The Recognition program follows many ideas from the Evergreen approach to General Education, please review the
                   following link:
                          The Respect program is entirely based in Freire's Pedagogy of  the Oppressed. We practice Freire's pedagogy and read his works
                          to have a deeper understanding of what we are trying to accomplish. 

                           Peter Elbow, in his book "Embracing Contraries" gives a summary of Paulo Freire's liberatory education.  Elbow
                           makes the point well that while it is  relatively easy to claim a Freireian approach to teaching, it is much harder to
                           actually do it. He summarizes the main points as:

                          "I taught for many years before I realized that unless we do the things listed above, all our education, all our experience, all our
                           ability, is of little value.  While Mr. Tell has not, to my recollection, mentioned the work of Paulo Freire, it seems to me that Mr.
                           Tell's insistence that we as educators must work to change society resonates with the teachings of  Freire.  I guess, at my age,
                           however, I plan to leave it to the young Turks like Mr. Tell to change society, if they can.  I can only throw one starfish at a time."

                           Elliot Richmond
                           PhD candidate in science education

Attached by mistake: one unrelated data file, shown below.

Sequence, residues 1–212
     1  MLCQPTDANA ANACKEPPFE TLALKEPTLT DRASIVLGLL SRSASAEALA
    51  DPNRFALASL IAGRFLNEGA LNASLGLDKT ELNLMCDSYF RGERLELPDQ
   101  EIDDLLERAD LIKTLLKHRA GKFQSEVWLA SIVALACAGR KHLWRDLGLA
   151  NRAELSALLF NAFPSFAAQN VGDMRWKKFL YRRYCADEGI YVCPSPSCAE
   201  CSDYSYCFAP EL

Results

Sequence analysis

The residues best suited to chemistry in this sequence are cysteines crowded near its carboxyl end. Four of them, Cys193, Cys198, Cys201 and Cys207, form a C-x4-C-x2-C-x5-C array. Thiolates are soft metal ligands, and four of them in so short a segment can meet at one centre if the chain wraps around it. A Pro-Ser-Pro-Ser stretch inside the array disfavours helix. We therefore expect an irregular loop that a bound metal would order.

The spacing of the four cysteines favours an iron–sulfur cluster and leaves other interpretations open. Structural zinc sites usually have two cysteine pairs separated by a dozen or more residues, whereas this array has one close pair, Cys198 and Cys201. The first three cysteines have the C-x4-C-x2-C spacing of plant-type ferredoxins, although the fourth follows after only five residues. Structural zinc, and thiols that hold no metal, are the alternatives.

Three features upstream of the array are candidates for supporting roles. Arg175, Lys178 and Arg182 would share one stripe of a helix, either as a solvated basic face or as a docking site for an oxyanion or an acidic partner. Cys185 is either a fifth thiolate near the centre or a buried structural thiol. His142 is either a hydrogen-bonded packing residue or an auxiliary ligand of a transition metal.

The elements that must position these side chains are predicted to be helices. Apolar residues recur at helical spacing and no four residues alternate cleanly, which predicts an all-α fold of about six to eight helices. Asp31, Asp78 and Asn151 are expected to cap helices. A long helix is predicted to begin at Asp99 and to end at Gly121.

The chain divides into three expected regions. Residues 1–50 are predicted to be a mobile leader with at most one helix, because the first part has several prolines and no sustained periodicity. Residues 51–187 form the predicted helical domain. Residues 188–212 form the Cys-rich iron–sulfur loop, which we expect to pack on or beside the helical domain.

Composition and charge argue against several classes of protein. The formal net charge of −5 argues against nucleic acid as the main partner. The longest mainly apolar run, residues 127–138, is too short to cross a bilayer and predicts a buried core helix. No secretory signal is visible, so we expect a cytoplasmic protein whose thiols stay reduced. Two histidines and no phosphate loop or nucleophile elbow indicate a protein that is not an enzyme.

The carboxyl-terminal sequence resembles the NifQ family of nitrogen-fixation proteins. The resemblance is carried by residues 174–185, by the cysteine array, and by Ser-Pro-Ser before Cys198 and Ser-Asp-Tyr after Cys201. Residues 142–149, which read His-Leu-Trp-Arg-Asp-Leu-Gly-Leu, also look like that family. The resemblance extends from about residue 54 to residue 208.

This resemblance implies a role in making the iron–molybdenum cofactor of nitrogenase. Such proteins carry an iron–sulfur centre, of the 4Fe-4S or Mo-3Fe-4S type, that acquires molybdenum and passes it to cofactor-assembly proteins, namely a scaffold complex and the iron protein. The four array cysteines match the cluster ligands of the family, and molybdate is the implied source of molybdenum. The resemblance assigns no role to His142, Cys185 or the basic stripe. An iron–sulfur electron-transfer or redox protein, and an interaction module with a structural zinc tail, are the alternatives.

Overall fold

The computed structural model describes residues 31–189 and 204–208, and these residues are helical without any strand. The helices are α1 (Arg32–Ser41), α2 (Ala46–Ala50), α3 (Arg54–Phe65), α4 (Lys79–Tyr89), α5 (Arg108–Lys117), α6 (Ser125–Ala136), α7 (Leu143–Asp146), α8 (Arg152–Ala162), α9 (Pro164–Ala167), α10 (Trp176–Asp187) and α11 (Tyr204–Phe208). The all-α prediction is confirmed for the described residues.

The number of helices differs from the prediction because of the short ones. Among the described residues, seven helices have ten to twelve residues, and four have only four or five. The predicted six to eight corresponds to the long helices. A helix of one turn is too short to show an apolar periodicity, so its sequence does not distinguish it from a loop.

25 years later Freire's ideas are still relevant

            Twenty-five years after the first publication of Pedagogy of the Oppressed, Freire's message of liberation and social transformation remains relevant today. Translated into numerous languages, and having sold more than five hundred thousand copies world-wide, Pedagogy of the Oppressed continues to be read, debated and discussed all over the world by progressive educators and others who seek to embrace Freire's radical pedagogy. The universal appeal of Freire's works is not limited to the arena of education, but also maintains considerable influence in other disciplines such as political science, anthropology, post-colonial theory, liberation theology, international development studies, urban planning, feminism, and sociology. Freire's central thematic concerns espoused in Pedagogy of the Oppressed maintain on-going relevance to these fields of learning and teaching. Freire's conception of a highly politicized education, the unification of action and analysis, the centrality of dialogue in the process of learning, and the significance of critical awareness in social transformation continue to guide and challenge progressive educators throughout the world.